Lithuania buying short-range missiles from Sweden's Saab for EUR 70 mln

RBS-70 and Giraffe MK-IV surveillance radar

Lithuania will spend almost 10 million euros on upgrading the RBS 70 short-range air defense capability the Lithuanian Armed Forces currently have, by purchasing missiles and equipment from Sweden's Saab.

The Ministry of National says the army signed two contracts, worth 9.7 million euros, with Saab on the purchase of improved missiles and BORC night-capability sights, with the delivery starting next year.

"Enhancement of air defenses is one of the key priorities of our defense, therefore we are continuing upgrading our short-range air defense system: the RBS 70 will be improved with night-capability sights and new missiles will be acquired," Minister of National Defense Raimundas Karoblis says.

According to the ministry, with improved missiles the RBS 70 system will be even more effective and dangerous to hostile aircraft, and the advanced BORC night sights will allow soldiers to stay operational during the dark part of the day.

The Swedish-manufactured RBS 70 missile system is a short-range air defense capability based on control beam, i.e. laser equipment guides the missile. The greatest advantage of RBS 70 is that there has not been electromagnetic equipment so far created in the world capable of producing jamming that could disrupt RBS 70.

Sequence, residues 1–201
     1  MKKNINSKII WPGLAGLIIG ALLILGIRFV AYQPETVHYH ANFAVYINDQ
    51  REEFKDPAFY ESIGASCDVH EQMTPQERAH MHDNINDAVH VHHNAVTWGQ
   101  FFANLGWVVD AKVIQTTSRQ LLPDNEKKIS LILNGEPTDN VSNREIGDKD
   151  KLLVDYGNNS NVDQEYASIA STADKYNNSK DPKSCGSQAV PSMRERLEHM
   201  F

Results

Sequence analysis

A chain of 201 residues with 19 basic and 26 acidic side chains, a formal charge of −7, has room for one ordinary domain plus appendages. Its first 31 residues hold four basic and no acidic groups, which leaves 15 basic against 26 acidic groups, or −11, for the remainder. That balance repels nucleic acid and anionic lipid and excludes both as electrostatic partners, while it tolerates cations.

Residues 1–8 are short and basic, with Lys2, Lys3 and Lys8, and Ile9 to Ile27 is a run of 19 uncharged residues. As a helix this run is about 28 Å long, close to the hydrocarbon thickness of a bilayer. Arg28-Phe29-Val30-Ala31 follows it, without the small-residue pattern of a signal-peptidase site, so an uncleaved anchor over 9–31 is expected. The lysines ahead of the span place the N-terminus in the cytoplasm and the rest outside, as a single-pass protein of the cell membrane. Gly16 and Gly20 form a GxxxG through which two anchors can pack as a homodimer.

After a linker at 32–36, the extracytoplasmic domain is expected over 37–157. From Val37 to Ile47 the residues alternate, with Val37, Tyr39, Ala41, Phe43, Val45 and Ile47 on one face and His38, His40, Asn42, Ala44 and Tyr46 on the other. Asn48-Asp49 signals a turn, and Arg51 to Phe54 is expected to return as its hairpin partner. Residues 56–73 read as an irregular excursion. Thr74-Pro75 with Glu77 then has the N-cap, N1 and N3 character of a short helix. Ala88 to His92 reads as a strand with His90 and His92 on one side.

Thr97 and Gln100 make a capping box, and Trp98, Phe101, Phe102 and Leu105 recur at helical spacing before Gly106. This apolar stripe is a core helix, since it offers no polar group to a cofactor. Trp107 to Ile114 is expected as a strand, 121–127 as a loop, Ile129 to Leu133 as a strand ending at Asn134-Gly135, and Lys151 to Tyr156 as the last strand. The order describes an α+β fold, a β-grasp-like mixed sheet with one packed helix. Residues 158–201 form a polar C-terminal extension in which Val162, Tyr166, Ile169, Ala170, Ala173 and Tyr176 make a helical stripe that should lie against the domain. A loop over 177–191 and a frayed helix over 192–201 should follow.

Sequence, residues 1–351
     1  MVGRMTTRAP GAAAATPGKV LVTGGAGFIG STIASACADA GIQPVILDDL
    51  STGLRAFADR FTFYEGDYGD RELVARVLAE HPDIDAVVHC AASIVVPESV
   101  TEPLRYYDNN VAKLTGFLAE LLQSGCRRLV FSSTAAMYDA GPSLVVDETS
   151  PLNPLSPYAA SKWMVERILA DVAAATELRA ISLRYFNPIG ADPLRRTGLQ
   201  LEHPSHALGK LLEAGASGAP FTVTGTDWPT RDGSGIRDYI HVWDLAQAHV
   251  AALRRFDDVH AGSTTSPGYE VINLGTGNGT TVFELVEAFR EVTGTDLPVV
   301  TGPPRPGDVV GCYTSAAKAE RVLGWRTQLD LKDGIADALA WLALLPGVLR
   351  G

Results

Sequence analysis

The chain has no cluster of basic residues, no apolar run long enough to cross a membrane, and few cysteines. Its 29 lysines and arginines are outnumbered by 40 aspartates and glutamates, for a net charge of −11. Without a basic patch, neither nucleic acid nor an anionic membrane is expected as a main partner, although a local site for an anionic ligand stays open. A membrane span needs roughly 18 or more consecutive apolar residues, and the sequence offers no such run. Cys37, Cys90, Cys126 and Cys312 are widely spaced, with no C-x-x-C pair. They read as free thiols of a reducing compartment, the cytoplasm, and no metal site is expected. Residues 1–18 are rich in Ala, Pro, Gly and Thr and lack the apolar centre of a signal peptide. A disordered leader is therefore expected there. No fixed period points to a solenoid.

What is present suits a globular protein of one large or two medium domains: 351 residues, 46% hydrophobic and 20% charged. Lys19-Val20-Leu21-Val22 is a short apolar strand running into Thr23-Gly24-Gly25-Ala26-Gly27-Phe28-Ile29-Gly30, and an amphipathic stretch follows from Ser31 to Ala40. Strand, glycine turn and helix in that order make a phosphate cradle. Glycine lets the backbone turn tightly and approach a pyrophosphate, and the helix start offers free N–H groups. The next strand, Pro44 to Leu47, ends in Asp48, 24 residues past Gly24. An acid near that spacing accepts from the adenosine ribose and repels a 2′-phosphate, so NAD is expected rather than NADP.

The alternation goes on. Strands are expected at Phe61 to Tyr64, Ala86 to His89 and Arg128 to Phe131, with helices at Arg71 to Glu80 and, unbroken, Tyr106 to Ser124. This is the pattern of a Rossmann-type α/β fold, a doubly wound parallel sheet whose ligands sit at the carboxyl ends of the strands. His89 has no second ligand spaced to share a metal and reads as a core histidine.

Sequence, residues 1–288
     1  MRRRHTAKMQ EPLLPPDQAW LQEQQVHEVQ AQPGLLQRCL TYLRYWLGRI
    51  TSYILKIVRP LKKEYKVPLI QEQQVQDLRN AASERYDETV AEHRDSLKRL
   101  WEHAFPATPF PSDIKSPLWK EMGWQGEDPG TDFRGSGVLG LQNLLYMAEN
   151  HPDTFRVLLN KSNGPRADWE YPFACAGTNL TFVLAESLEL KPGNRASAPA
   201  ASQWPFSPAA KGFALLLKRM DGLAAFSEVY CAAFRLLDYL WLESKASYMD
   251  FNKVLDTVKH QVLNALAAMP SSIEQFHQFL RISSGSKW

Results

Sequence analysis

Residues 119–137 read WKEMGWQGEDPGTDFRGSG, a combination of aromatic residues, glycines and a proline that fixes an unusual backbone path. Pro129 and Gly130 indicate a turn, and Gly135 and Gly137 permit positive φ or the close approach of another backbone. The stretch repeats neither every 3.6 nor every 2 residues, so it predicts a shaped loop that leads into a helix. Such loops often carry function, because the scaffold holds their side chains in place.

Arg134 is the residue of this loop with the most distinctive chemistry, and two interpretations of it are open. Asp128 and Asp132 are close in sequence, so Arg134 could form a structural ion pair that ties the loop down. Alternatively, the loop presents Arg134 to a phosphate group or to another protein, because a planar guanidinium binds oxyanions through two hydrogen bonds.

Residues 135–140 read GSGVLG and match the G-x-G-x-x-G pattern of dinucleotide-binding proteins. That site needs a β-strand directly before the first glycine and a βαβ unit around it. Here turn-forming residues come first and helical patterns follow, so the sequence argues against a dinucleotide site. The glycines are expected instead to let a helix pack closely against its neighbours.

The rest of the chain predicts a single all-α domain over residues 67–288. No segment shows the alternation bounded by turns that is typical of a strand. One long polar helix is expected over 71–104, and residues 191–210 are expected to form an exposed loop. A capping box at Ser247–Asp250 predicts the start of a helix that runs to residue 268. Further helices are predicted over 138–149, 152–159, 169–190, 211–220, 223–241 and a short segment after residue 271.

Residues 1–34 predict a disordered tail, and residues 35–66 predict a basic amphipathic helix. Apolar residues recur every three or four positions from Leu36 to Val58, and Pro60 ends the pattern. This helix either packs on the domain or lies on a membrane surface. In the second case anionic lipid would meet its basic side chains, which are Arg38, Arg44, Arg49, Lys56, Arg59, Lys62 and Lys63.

The RBS 70 in possession of the Air Defence Battalion of the Lithuanian Armed Forces comprises RBS 70 missile systems with Giraffe Mk-IV surveillance radars.

Also, the Lithuanian Ministry of National Defense is strengthening Lithuania’s mid-range air defense capabilities: in October 2017 NASAMS mid-range air defense systems was bought for 110 million euros from Norwegian enterprise Kongsberg and is expected to be delivered by 2021.

Lithuania does not have short-range air defense systems and are purchasing medium-range air defense systems but cannot afford long-range missiles, like Patriot, capable of downing aircraft and ballistic missiles. The country would like allies to deploy such missiles in the Baltic states on a rotational basis. Patriot missiles were first brought for training in Lithuania last summer,

Source: BNS
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